are incredible stewards of their local creek. They lead dozens of cleanup sites during the month of April, engaging hundreds of neighbors to get their “brains wet and hands dirty”. Stay tuned to learn about their upcoming Trash Day of Action: Battle of the Bottle!

 

To live your own cleanup reality, visit PotomacCleanup.org. Last year 9,465 volunteers removed more than 300,000 pounds of trash from the watershed. Can we count on you this year?

  • VOLUNTEER by picking up trash! Choose from hundreds of events listed on our website.
  • LEAD a cleanup in your community! Register online and invite friends, family, and coworkers. We will provide you with supplies and logistics.

The 29th Annual Potomac River Watershed Cleanup is April 8, 2017. This regional event for clean land, safe waters, and healthy lives will continue throughout the entire month of April.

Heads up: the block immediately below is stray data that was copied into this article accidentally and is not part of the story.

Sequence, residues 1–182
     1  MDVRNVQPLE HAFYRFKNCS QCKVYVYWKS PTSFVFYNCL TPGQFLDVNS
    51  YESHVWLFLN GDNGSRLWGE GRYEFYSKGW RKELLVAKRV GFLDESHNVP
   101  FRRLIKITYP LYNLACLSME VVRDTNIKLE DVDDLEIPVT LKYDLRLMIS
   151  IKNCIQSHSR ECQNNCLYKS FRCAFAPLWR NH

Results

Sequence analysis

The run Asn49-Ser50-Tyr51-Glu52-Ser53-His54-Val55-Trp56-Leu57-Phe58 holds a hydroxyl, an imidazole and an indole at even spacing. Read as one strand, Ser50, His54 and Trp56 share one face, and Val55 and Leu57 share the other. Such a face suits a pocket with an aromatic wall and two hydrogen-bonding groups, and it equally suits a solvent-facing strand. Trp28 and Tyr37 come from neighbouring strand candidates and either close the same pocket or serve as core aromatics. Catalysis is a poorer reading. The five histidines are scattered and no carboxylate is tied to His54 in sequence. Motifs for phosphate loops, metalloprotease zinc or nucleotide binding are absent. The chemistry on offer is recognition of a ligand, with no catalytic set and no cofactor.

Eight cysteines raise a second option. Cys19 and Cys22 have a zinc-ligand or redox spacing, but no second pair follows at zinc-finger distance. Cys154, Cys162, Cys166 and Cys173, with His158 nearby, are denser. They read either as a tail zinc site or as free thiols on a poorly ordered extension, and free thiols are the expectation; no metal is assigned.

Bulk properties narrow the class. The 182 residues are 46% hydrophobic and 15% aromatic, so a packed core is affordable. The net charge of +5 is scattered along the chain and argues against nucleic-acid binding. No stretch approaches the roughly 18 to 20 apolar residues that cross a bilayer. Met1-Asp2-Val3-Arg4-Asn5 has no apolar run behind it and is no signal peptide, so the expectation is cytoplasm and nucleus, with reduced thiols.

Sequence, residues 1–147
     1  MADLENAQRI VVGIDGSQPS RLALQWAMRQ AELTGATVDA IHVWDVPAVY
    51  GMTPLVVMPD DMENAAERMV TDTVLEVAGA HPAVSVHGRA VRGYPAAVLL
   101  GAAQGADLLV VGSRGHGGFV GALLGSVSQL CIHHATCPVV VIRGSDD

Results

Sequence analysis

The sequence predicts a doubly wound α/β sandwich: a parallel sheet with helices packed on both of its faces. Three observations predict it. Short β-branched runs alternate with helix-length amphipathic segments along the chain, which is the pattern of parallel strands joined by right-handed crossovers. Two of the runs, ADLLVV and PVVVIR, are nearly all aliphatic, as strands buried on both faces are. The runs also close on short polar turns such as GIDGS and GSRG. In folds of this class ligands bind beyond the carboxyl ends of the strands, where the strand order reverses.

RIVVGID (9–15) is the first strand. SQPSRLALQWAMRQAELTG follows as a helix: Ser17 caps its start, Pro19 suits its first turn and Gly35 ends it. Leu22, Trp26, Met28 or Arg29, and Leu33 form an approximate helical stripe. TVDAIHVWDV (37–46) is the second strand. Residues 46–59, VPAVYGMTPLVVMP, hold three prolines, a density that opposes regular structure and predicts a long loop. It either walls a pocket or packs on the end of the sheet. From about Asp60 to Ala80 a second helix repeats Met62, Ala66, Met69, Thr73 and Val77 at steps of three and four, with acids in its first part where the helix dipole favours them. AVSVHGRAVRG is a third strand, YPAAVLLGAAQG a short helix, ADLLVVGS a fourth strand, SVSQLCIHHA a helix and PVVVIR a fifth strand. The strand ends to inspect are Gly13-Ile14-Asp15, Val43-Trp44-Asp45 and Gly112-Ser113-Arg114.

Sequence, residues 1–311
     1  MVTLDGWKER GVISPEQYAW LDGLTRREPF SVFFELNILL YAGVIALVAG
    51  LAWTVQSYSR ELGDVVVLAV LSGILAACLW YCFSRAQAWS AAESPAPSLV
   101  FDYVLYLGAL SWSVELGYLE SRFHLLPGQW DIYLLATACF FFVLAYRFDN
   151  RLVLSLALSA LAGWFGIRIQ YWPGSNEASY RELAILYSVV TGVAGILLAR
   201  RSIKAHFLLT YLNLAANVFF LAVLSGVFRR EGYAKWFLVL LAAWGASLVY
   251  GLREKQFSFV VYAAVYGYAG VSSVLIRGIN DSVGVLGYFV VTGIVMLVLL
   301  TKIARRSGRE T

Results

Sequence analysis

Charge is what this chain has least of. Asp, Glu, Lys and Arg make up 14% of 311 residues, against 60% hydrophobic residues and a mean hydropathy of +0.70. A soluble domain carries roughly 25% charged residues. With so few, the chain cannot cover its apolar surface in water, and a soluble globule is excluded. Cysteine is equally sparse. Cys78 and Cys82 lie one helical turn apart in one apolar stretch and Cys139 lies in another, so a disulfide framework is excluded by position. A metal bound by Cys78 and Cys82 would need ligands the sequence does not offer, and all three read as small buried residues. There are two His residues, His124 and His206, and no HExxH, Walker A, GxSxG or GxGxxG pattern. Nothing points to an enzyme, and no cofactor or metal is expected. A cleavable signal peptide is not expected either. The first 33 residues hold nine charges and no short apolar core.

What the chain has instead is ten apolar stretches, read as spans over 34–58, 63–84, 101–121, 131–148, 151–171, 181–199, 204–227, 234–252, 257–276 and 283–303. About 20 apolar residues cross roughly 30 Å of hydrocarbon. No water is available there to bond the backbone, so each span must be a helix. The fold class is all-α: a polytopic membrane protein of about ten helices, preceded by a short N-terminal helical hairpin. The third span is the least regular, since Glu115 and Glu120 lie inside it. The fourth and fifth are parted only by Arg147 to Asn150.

The Maryland Push to Ban Styrofoam

February 2nd, 2017
by Laura Cattell Noll, Assistant Program Manager

In the last decade, communities throughout the Potomac River Watershed have taken substantive action to prevent litter, clean up communities and protect the water we drink.  Local jurisdictions in the Washington DC region have been national leaders in disposable bag laws, polystyrene foam bans and innovative social marketing campaigns.

The Maryland General Assembly is looking at the successes of these local jurisdictions and considering a state-wide ban on polystyrene. Commonly known as Styrofoam, polystyrene use poses risks to human health and threatens our drinking water.

Volunteer in yellow jacket carries beach-ball sized chunk of styrofoam away from the river.